Founded in Jim, Dennis and Mike’s hometown of Carteret and Pat’s hometown of Scotch Plains in 1980 after Dennis answered an Aquarian Weekly classified ad placed by Pat, The Smithereens will celebrate their 40th anniversary as a continuously working band next year. The milestone will include a tour, an album of new material featuring special guest lead singers, and an archival album with unreleased tracks. The tour will include the inaugural performance in the forthcoming Carteret Performing Arts Center, next door to Klein’s, a shop where the three pre-Smithereens band mates hung out after school, and around the corner from where Mike and Jimmy had accordion lessons together as lads.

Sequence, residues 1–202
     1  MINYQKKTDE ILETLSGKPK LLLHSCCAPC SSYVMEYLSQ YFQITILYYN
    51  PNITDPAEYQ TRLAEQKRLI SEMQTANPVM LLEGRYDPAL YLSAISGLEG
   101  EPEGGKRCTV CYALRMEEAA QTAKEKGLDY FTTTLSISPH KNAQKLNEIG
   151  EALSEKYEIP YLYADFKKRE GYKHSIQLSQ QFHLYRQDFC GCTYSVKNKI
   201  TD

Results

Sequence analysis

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During a three-hour tour of their hometown followed by a sit-down interview with Dennis and Jim, who still live in Jersey – Bergen and Monmouth counties respectively -- then a phone interview with Mike from his residence in the San Francisco area, we chatted about the band’s history, loss of Pat, bright future with Robin and Marshall, and, of course, their NJHOF induction.
In 2017, Pat DiNizio, second from left, died. The three surviving members, Dennis Diken, Jim Babjak and Mike Mesaros, who have been performing together since 1975 and friends for many years before that, have continued to perform with guest vocalists. Next year, The Smithereens will celebrate their 40th anniversary as a continuous band.PHOTO COURTESY OF JIM BABJAK ARCHIVES
How does it feel to be inducted into the New Jersey Hall of Fame?